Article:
Developing and testing concurrently accessed shared objects is hard! That's why CSP was invented. Just the same, the difficulties can't be swept under the rug.

Correctness

In these situations we really want to be looking for race hazards and deadlocks. We want to find possible interleaved execution paths that cause the contract of the shared object to be violated. It would be helpful to have a semi-automated tool to search for these cases. (Particularly if it also knew about asynchronous interruptions like ThreadAbortedException.) However, to guide the analysis we probably need a way to express the desired non-deterministic behavior as part of the shared object's contract. I know this kind of work has been done many times over using theorem provers over process calculi. I've yet to see one applied to ordinary code outside of a research environment.

Performance

But there's more to it than that. Besides correctness we are often also interested in performance. After all, since we decided to optimize throughput or bandwidth through increased parallelism we should really get some measure of success. Was the added complexity worth it? How do we know our fancy concurrently accessed shared object won't introduce an insurmountable bottleneck despite our efforts? It is hard to create a realistic load profile for synthetic benchmarks. Operations involving lots of I/O with external systems are especially nasty.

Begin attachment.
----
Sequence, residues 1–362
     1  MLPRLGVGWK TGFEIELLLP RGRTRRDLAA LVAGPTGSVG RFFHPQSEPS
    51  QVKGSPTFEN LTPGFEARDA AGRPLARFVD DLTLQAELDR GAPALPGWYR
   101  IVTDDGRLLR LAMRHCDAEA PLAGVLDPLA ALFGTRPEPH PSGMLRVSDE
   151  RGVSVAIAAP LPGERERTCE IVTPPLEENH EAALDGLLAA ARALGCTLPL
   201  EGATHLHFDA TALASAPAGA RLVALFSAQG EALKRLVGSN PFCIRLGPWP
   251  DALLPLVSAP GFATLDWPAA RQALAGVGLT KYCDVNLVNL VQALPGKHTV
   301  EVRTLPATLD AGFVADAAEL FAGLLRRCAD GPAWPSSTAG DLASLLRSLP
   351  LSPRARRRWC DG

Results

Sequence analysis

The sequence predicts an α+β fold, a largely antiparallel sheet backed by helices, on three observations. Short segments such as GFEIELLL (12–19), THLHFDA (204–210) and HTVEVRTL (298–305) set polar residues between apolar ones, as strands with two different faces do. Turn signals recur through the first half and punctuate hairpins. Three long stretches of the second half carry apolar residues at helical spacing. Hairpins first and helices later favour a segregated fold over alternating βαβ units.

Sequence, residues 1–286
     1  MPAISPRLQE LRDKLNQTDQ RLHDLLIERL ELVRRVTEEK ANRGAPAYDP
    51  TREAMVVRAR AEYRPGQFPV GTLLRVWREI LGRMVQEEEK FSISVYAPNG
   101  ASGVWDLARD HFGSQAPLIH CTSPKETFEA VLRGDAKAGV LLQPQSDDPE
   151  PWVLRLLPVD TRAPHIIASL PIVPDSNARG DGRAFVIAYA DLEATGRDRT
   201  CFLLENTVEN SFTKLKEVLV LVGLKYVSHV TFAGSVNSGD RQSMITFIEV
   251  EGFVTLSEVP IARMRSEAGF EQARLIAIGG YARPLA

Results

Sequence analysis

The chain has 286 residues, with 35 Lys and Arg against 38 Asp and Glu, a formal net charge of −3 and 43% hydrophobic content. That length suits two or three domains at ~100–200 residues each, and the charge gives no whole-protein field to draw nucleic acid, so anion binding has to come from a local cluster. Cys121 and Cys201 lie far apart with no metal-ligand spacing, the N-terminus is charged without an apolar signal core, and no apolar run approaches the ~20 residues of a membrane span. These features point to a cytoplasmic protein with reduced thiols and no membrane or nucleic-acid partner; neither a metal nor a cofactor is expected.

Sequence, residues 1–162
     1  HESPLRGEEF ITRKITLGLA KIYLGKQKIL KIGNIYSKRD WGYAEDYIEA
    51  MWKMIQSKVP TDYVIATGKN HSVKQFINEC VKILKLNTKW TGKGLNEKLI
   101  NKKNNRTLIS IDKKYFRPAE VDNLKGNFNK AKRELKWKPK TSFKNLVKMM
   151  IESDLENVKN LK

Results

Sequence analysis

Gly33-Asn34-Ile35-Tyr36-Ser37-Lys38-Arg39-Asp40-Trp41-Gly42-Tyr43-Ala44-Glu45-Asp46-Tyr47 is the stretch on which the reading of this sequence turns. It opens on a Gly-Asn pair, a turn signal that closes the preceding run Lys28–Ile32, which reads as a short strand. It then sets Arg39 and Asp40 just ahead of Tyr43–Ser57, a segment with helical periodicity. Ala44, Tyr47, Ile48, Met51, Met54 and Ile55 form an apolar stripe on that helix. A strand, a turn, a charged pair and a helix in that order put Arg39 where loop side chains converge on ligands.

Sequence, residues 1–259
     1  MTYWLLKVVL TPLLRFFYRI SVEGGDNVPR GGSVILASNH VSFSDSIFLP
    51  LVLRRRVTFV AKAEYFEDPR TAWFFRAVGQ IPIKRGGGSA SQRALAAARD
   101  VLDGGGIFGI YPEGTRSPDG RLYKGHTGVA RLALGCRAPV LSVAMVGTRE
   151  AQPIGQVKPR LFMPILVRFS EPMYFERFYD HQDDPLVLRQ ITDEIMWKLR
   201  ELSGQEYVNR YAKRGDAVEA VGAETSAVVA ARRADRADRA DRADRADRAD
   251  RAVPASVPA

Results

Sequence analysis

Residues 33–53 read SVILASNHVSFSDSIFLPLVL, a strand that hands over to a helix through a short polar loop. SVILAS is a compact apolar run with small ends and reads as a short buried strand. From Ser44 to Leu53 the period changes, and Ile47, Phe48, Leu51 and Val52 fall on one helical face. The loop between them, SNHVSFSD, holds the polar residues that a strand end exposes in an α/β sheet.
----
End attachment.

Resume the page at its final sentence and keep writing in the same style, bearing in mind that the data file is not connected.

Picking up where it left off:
Ultimately I think the hardest part of performance tuning is the interpretation of the results. Moreover, performance optimization is a dynamic feedback process. As the system evolves previous observations become invalid. The best tuned algorithm at one time can suddenly lose its edge as the underlying platform evolves.

Trade-offs

I generally avoid premature optimization during development. Quite often what happens is that the performance of the simplest possible design is in fact quite acceptable. It's much easier to verify the correctness of a simpler implementation!

As for optimization, instead of using a raw performance metric like CPU utilization, I think in terms of scalability metrics. "Will this process handle the current 100 transactions per second? Will it need to be scrapped to handle the anticipated 1000 transactions per second?" Reframing the problem helps me avoid wasting effort on useless micro-optimizations. It keeps me focused on choosing a good algorithm first. Once that's done I'll start looking at cheap low-level improvements if the cost/benefit ratio is good enough.

Writing it down

As if deciding what to test and how wasn't hard enough, actually implementing a multi-threaded test is a real bear. You need to set up threads, catch unhandled exceptions, introduce synchronization barriers, handle non-deterministic events, tear it down, and somehow yield diagnostic output regarding the sequence of actions that actually took place so you can figure out what went wrong. Phew! I dread it every time.